Down the centre of the two rows of pens runs a large square steel vat on rollers, out of which extends a flexible hose like a vacuum cleaner hose, with a narrow, polished steel feeding tube, about 3 cm diameter and 30 centimetres long.  Like a milk maid, the son takes his seat on a stool in the centre of the pen.  Naturally the birds have moved to the end of the pen furthest from him, as their instinct would dictate they would.  The fact some of them look like they are scrambling over each other in their anxiety to avoid contact with him, must be my imagination.  I am certainly suddenly overwrought as I realise I am about to see a gavage.  Like at a horror movie, I am fixated.  Now it has become “waaaaaah”.

He grasps the first goose by the neck, holds the bird vertically so its neck is at full extension, inserts the tube part-way down the goose’s throat, and presses a button.  A measured 400 ml dose of corn porridge made with corn kernels and corn starch is electronically delivered down the neck of the bird, and it’s all over in a few seconds.  The goose is pushed to the other end of the pen, sated for the next few hours.  It doesn’t need to forage now, does it?

Quick and painless force-feeding.

The geese receive 1.6 kilos of food a day, spaced over four feedings, hours apart, for better digestion and absorption.  And less distress.  I am sure wild geese could eat this much if they really tried, pre-migration, couldn’t they?  Meanwhile, my gag reflex has responded to the tube and I feel greatly “wah”.

The process looks painless, the goose is wagging its tail as it is freed (I have to remind myself this is not a dog and I know nothing of goose behaviour), and the son is smiling bucolically at the visitors.  If I think I see a bird stumbling, or sinking to the ground because it can no longer support its own weight, I must be mistaken.  This is Mother Goose Land and everything is happy here.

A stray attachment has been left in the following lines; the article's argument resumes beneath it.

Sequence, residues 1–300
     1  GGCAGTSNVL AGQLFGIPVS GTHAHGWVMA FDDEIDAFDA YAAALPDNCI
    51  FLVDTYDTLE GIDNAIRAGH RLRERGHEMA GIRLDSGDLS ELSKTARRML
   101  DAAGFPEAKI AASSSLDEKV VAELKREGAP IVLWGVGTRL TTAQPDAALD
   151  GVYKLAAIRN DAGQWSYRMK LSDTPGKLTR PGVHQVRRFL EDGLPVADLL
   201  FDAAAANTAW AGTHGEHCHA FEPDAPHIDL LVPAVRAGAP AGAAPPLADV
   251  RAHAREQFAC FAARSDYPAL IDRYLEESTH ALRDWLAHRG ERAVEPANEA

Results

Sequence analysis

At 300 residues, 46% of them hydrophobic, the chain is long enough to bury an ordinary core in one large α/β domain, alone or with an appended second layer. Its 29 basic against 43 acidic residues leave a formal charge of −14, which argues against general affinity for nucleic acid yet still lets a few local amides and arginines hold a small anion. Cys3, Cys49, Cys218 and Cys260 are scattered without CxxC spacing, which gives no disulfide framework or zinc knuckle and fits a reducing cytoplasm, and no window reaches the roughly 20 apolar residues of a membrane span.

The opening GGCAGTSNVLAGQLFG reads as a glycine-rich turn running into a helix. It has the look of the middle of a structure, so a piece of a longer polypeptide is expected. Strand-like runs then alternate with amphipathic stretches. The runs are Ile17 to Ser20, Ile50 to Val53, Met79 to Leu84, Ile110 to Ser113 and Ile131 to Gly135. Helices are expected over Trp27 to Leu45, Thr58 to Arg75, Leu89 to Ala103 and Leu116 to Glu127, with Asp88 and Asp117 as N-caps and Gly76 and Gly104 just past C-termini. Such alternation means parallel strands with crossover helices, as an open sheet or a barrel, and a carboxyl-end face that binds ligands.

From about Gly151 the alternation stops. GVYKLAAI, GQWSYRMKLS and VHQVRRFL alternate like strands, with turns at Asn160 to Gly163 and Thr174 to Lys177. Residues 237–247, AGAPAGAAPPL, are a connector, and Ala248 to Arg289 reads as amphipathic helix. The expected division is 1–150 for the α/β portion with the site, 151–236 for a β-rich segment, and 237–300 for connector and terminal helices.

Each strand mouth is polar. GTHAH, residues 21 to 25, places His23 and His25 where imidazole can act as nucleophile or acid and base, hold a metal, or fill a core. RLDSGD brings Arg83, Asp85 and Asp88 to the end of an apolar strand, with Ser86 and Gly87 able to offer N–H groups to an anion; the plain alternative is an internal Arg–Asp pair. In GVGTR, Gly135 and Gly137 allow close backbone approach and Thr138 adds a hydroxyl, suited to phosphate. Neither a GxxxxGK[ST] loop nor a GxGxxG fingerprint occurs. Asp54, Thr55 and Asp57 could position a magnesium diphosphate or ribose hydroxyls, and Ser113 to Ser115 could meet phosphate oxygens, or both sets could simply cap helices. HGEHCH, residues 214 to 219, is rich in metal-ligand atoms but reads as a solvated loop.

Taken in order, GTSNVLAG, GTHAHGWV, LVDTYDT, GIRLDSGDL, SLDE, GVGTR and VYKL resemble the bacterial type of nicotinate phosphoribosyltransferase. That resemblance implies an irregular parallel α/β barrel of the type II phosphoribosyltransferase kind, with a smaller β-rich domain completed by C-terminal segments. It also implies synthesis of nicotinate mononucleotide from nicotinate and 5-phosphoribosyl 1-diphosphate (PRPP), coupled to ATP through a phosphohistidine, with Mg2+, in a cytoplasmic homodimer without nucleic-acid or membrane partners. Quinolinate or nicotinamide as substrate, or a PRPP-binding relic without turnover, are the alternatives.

Whistle While you Work.

At the end of 17 days, the geese are “felt” for their extended livers, humanely slaughtered in “the killing house” where we are taken next, and donate most of their body parts to other causes.  It is a European standard that an animal must be put to sleep before it can be killed.  Nice one Europe!  I wonder if England will have that after Brexit? 

In the killing house, which we are fortunately not made to see but which is happily described, a two pronged zapper is applied to their beak and eye and 1,000 volts generates Sleeping Goose.  Their throats are slit, blood quickly emptied and the bird placed in a huge tub of hot water for three minutes to soften and clean everything.  Now sterilised, another machine strips the carcass of feathers and down.  What happens to those, I ask?  “You’re wearing it” he says, indicating my goose-down parka.  Oh.  Yes.  Of course.